Sunday, 8 September 2013

Polish War Memorial

A stone and marble memorial stands quiet, dignified and unassuming by the side of a roundabout just off the A40 Ruislip turn-off, about 10 minutes drive from the Bush. Flanked by the British and Polish flags the monument proclaims the various campaigns fought by the Polish airmen who volunteered to fight for the allies during the second world war after having escaped the joint Nazi-Soviet invasion of their country. Behind that obelisk a marble walkway winds around in a semi circle with the names of the thousands who paid for that decision with their lives. What is not recorded is that, during the later stages of the war, Britain sold Stalin their country in a secret deal that marked one of the most shameful episodes in our history. Decades later Polish President Lech Walesa visited this monument in 1991, after having fought for decades to right that wrong.

I’ve written before about the corners of history that mark our part of the world, and it’s one of the great things about living in London that you can find amazing windows onto our past. And having passed the polish war memorial roundabout loads of times on the A40 I’ve always wondered what sort of memorial it was, so this was the time the curiosity won and I pulled off the road on the way home from a trip to the well worth visiting Colne Valley Park.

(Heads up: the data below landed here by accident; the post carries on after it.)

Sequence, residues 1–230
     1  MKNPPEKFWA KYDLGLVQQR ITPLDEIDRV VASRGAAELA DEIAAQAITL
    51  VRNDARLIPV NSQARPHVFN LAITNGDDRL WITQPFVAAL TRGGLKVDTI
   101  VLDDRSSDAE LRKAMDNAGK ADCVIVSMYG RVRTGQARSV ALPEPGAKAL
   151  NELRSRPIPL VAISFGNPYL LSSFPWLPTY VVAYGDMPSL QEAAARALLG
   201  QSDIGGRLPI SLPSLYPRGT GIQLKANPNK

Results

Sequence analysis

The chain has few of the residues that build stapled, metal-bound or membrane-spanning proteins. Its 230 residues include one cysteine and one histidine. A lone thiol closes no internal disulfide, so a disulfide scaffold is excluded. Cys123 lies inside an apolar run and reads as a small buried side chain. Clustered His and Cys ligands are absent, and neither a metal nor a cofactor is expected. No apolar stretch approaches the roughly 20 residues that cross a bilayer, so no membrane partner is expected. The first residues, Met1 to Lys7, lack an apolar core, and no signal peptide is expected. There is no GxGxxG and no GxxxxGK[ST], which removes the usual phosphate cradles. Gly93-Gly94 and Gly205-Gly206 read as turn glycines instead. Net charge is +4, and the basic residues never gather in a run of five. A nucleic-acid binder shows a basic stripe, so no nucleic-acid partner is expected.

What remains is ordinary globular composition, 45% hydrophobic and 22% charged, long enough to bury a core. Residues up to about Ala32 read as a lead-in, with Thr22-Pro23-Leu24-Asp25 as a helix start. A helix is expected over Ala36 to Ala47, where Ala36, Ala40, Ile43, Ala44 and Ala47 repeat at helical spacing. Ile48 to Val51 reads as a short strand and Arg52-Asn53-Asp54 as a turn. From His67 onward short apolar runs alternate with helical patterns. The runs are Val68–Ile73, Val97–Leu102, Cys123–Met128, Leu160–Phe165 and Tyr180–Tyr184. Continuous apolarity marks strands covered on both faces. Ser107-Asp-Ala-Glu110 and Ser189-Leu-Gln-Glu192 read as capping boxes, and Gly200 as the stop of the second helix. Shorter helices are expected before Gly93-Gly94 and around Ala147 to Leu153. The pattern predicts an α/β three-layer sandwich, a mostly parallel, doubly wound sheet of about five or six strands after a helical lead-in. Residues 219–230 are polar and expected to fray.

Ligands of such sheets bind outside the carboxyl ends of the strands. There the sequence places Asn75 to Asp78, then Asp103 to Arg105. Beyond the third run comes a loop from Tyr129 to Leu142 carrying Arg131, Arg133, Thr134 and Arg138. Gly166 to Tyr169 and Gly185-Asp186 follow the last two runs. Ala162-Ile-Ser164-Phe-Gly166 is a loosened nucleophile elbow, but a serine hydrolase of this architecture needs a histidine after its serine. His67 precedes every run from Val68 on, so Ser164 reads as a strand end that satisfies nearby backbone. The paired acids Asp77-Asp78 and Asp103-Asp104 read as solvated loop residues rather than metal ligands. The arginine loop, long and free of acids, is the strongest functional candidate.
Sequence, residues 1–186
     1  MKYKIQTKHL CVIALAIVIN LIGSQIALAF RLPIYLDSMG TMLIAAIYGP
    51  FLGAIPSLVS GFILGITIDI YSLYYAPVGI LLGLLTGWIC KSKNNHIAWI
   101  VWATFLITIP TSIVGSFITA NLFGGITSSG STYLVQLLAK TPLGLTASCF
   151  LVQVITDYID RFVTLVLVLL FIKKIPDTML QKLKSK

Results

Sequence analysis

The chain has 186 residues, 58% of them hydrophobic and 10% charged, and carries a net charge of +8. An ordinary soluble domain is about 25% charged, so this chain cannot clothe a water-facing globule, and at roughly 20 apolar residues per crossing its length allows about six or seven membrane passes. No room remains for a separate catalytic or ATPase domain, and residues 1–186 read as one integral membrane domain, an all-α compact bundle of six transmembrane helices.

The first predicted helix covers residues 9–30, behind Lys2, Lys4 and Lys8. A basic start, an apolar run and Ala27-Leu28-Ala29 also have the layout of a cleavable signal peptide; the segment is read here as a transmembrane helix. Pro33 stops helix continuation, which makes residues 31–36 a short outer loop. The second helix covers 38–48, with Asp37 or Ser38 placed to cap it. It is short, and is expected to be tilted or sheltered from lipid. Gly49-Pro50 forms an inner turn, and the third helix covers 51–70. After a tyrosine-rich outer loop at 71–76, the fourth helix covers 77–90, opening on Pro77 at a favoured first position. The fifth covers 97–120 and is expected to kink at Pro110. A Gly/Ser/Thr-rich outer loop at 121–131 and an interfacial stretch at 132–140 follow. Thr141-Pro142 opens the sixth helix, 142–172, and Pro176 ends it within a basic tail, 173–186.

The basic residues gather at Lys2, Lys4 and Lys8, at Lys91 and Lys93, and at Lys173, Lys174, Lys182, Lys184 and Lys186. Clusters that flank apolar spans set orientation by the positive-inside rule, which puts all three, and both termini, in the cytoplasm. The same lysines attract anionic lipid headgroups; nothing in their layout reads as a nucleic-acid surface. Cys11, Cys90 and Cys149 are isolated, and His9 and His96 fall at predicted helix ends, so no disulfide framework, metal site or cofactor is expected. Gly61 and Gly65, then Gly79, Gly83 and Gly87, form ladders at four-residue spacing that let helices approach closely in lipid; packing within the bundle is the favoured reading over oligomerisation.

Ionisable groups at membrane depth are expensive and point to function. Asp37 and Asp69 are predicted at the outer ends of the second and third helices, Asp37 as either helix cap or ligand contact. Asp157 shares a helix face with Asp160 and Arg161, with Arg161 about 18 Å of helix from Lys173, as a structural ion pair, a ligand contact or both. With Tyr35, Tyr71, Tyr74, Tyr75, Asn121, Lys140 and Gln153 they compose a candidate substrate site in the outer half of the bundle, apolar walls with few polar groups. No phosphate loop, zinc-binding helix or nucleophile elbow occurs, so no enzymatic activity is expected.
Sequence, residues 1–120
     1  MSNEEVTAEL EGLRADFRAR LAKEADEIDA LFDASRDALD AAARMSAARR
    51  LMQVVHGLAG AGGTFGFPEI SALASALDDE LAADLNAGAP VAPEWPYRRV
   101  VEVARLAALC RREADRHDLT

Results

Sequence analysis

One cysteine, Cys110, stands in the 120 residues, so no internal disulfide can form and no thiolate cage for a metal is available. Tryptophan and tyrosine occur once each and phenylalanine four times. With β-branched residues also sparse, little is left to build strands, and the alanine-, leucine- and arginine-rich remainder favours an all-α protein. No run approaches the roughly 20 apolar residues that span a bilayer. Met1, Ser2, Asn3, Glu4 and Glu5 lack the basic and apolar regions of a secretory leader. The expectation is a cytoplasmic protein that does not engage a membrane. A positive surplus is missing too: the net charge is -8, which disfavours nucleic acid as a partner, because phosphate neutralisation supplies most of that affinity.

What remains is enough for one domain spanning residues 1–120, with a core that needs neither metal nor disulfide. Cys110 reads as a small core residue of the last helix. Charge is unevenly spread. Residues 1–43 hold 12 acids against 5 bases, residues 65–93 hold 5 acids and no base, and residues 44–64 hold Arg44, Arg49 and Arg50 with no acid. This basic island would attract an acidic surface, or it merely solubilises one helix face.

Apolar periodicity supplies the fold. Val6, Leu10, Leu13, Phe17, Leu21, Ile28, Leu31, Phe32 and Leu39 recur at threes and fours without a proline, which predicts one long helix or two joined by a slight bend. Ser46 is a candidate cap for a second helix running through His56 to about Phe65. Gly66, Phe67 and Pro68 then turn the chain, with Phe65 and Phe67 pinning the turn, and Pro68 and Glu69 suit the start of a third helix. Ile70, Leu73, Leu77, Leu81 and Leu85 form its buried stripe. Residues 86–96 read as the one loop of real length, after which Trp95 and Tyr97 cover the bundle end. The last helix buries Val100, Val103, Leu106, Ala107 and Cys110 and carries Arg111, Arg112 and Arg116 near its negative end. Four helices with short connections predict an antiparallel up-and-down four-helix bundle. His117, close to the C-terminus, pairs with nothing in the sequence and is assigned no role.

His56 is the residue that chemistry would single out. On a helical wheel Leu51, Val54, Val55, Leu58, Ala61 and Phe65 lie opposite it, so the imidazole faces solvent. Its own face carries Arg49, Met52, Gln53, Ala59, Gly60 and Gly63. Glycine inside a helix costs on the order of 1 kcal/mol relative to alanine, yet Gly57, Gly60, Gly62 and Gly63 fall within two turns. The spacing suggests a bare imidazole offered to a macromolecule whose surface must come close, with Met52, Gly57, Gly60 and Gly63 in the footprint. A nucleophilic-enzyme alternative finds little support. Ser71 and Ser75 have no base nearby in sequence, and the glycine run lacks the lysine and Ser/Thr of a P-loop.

If you have a chance to see it please do, it’s a very thought provoking little place and reminds us of the sacrifices these men made. One of my first jobs was working for the Royal British Legion back in 1997 and I remember well reading about the individual cases that the charity were supporting at the time, of men who had suffered horrendous injuries but who kept returning to try to liberate their country.

In our part of West London we have something of a special link to Poland too, of course. The crest of Hammersmith is a Polish eagle and the numerous “Polski Skleps” on our streets are evidence of the thriving population. One of whom was another Pole who recently exhibited the same commitment to fighting for what was right, and like his countrymen 70 years ago paid with his life. It’s with that sort of heritage in mind you begin to understand the contribution and the dedication that our friends from Poland have brought to this part of the world for generations.

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